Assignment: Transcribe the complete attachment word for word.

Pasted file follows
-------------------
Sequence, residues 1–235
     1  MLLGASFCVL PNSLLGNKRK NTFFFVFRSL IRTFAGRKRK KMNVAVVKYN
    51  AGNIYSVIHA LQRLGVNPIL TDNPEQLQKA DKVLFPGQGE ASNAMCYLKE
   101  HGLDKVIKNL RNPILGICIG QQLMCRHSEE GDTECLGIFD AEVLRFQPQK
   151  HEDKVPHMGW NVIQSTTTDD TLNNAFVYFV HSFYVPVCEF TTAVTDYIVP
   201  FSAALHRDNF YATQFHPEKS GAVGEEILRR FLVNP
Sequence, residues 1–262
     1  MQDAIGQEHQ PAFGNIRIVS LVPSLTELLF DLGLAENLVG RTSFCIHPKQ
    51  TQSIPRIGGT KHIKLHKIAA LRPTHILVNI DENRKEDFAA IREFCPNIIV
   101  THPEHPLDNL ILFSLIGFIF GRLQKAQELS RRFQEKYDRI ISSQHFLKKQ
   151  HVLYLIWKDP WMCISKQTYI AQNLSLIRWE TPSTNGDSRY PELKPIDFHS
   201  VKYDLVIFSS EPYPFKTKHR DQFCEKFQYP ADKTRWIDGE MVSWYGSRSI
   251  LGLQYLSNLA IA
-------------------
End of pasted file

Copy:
Sequence, residues 1–235
     1  MLLGASFCVL PNSLLGNKRK NTFFFVFRSL IRTFAGRKRK KMNVAVVKYN
    51  AGNIYSVIHA LQRLGVNPIL TDNPEQLQKA DKVLFPGQGE ASNAMCYLKE
   101  HGLDKVIKNL RNPILGICIG QQLMCRHSEE GDTECLGIFD AEVLRFQPQK
   151  HEDKVPHMGW NVIQSTTTDD TLNNAFVYFV HSFYVPVCEF TTAVTDYIVP
   201  FSAALHRDNF YATQFHPEKS GAVGEEILRR FLVNP
Sequence, residues 1–262
     1  MQDAIGQEHQ PAFGNIRIVS LVPSLTELLF DLGLAENLVG RTSFCIHPKQ
    51  TQSIPRIGGT KHIKLHKIAA LRPTHILVNI DENRKEDFAA IREFCPNIIV
   101  THPEHPLDNL ILFSLIGFIF GRLQKAQELS RRFQEKYDRI ISSQHFLKKQ
   151  HVLYLIWKDP WMCISKQTYI AQNLSLIRWE TPSTNGDSRY PELKPIDFHS
   201  VKYDLVIFSS EPYPFKTKHR DQFCEKFQYP ADKTRWIDGE MVSWYGSRSI
   251  LGLQYLSNLA IA